Burning things is a lot of fun. You sound like a loony when you say it out loud, even more so if you say it to a therapist, but it’s true. Whether you’re dropping magnesium in water or simply putting flame to incriminating documents, it’s a lot of fun when the orangey-red plumes dance around. This is why things like fireworks and bonfires exist – because that bright, burning heap of wood is fascinating for some reason.
I’m sounding a little crazy now, so I’ll move onto the game. Little Inferno is about burning things, or at least it is on the surface. Throughout the game, you’ll be buying and setting alight everything from wooden blocks to miniaturised planets.
The fires are very pretty.
The Tomorrow Corporation Little Inferno Entertainment Fireplace is a game as well as a fireplace. Throw your toys into the fire so you can stay warm because remember – it’s getting cold outside.
This message is repeated throughout the game in letters that you get from a couple of characters. I’m not going to go too much into the storyline of the game, as it’s fascinating and a large part of the wonder hinges on you discovering it as it moves along. Suffice to say that I thoroughly enjoyed the mystery and its rather unexpected ending.
Gameplay wise, Little Inferno is mainly a puzzle game. You start with a fireplace and one catalogue of items for you to order. As you order each item in the catalogue you unlock more in said catalogue until you’ve burnt them all at least once, at which point a new catalogue will be available for purchase, full of things to burn.
When you order an item out of the catalogue, it will take a certain amount of time for it to be delivered, anything up to a few minutes. You can skip this delivery time by using tokens you get from completing combos.
Certain combinations of items being burnt at the same time will check off the relevant combo in your book. The book is your only hint towards these combinations; it will tell you the number of items needed and the title of the combo as a hint. From there, you’re on your own. These combinations can be anything from obvious, such as Bike Pirate (wooden bicycle and toy pirate), to the slightly more subtle Movie Night (corn on the cob and television), and then all the way up to the impenetrable, none of which I will reveal here.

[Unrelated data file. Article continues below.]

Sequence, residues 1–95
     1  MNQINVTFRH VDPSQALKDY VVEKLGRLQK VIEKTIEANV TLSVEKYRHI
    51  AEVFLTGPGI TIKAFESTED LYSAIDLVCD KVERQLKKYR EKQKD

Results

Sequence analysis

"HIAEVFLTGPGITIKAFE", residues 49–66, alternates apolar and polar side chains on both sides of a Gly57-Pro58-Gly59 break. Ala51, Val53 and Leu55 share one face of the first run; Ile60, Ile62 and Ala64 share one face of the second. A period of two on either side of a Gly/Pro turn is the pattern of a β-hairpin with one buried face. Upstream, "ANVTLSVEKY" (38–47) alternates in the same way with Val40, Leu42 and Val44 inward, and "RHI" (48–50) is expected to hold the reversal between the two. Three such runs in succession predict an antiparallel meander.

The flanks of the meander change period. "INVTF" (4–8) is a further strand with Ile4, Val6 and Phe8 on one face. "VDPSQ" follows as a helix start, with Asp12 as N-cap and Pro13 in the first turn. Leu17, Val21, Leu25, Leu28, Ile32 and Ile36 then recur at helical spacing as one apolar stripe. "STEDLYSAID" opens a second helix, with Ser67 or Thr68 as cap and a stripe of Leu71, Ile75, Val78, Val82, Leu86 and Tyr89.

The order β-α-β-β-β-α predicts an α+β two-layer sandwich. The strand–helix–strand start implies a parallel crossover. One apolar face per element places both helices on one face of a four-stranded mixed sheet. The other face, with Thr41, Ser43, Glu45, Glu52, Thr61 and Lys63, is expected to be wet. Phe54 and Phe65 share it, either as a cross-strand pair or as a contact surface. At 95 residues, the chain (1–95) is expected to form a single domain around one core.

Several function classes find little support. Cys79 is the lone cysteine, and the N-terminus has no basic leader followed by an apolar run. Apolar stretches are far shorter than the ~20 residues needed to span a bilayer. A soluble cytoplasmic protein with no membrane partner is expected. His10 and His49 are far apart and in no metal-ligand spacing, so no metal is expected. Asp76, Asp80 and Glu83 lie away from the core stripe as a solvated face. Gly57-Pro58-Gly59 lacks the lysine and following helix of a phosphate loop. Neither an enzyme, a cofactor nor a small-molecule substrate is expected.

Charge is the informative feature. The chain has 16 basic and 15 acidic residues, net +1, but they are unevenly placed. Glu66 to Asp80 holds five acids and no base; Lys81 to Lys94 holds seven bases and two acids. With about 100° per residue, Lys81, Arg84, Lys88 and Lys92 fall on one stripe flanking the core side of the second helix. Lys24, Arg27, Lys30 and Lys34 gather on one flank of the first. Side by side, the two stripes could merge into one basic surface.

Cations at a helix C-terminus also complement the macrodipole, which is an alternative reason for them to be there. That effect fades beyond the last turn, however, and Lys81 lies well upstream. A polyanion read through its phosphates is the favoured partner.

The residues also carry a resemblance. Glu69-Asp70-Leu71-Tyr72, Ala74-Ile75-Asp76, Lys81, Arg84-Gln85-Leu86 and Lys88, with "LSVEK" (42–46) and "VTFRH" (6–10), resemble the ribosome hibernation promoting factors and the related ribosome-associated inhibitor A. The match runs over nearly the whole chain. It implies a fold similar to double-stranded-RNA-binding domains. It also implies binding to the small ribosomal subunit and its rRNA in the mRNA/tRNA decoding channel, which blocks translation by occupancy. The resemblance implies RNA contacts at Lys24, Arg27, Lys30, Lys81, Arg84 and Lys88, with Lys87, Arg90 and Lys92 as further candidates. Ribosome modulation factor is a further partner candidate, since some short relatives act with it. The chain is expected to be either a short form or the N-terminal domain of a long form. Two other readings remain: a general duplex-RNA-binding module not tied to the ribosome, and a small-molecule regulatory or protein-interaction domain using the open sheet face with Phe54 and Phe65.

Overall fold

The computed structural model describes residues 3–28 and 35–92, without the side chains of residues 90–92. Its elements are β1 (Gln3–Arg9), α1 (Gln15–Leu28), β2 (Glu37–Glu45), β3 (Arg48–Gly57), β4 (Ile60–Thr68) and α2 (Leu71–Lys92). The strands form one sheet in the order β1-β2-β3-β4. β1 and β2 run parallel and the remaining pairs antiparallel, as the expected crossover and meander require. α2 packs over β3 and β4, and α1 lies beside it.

Most of the burnables in the game react in an interesting way to being set alight, as well. The corn on the cob that was previously mentioned, for example, pops into popcorn (hence the Movie Night combo), whilst the nuke you get in a later catalogue will explode, as you might expect.
Some items play with gravity, whilst others play with each other (not in that way).
Finding all the combinations and playing with all the things items do it’s only part of the fun here. Little Inferno is a game with a message – you burn your toys only to immediately move onto another, impatiently waiting for it to be delivered so you can burn it and move onto the next one. The surprisingly bleak look into humanity’s tendency towards waste and its short attention span is belied by the games dry and dark sense of humour, particularly evident in the description of items in the catalogue.
Frankly, Little Inferno is a unique game that manages to be interesting, thought provoking and mystifying all the way through. It is difficult to express how it manages to do these things, as most of it relies on the experience of playing the game and the feelings it conjures with its odd narrative. If you’re a person who enjoys a little thought in their games and appreciates its dark atmosphere and/or setting things alight, then you would be remiss to skip the entertainment fireplace.
Little Inferno is $10 from its official website, which will get you the game for Windows, OS X and Linux, as well as a Steam key. You can also get it direct from Steam for £6.99 if that’s what you prefer for some reason.
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